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Designing the Good Life

by David Doody


Tags: design, the good life, happiness, biophilic neighborhoods, Ray Gastil, community, mindful living, sustainability, sustainable future, environment, mind and body, ARCADE, David Doody,

beach hutsHappiness. Well being. Living fully. The good life. If you’re an Utne reader you might call it mindful living. But what does it all really mean? And how do we find it?

The summer issue of ARCADE tries to tackle those questions from a design perspective. Guest editor Ray Gastil introduces a section called “The Good Life Reconsidered” with a short essay pondering what role design can and will play on the road to a sustainable future and a good life. “Design is a way of thinking,” Gastil writes, “and it has an extraordinarily powerful ability to shape the way we live, and in particular, the way we choose to live.”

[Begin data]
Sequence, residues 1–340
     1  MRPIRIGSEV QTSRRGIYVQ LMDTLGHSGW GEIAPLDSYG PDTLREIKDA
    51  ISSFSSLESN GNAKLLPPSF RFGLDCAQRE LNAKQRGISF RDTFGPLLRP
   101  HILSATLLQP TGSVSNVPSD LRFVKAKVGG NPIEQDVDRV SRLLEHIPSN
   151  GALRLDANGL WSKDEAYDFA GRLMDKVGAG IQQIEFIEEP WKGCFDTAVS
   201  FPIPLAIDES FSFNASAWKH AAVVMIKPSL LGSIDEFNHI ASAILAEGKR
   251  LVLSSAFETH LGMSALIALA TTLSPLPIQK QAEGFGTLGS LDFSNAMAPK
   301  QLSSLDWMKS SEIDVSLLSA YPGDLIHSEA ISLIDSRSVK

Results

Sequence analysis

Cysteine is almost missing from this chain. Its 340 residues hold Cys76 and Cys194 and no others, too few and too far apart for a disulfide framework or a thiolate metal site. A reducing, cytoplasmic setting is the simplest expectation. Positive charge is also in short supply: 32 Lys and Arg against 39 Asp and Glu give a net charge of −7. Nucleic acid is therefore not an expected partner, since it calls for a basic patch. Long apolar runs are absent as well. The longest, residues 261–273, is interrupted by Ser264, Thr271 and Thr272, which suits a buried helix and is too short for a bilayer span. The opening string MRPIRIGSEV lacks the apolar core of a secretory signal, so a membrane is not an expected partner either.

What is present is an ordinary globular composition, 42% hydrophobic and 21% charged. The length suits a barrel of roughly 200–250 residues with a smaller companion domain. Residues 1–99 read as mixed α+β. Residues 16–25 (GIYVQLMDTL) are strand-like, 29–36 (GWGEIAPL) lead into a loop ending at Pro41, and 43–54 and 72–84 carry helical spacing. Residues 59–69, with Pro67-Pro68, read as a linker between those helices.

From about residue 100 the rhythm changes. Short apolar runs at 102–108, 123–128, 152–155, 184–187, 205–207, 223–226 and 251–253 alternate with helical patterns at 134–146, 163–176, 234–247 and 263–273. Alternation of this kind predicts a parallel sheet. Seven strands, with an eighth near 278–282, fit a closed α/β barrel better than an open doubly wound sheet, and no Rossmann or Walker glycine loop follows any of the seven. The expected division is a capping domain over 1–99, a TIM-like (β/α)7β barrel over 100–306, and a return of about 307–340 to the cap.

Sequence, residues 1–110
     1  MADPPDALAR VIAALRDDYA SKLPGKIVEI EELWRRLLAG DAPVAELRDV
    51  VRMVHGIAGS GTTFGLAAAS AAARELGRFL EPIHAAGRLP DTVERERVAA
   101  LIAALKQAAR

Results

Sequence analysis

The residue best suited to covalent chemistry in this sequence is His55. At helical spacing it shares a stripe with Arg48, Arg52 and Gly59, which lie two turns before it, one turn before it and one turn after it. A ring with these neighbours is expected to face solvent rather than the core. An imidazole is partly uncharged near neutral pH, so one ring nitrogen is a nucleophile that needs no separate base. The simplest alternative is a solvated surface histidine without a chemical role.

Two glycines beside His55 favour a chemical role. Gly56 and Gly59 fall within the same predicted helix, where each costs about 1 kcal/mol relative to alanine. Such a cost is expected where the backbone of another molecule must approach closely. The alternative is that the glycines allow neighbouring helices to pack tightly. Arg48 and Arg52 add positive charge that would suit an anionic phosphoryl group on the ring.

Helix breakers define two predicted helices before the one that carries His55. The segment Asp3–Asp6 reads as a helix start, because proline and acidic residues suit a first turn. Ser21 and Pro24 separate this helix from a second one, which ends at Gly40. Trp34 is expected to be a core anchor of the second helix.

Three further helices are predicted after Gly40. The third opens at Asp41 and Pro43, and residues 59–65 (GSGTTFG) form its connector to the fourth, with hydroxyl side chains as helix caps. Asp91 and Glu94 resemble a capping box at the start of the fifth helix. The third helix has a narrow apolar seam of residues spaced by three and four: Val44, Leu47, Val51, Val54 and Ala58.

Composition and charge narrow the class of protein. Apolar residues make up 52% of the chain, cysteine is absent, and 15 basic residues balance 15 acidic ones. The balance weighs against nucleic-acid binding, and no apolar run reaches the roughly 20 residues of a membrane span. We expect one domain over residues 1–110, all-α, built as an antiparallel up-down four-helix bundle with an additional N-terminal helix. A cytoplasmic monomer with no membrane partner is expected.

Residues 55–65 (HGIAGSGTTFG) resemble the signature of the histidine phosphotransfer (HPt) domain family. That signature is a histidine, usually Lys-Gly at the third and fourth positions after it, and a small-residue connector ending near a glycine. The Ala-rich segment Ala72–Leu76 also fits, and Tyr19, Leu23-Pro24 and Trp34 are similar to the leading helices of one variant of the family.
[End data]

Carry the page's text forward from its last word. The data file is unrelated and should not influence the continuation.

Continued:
He continues:

Following that introduction we get opinions on the matter from a range of voices, like a reminder from Jessica Geenen, program manager for the Energy Efficient Communities program at Puget Sound Energy, that the “word ‘community’ comes from the Latin roots cum, meaning ‘with,’ and munus, meaning ‘responsibility.’”

There’s also a call for “biophilic neighborhoods” from Tim Beatley, a professor of sustainable communities:

Those and many more take on the issue of how where and how we live can lead to “the good life,” whatever that may be. What’s your definition of that tricky phrase? And how does your neighborhood, community, and work life lead you toward achieving that definition?

Source: ARCADE  

Image by blhphotography, licensed under Creative Commons.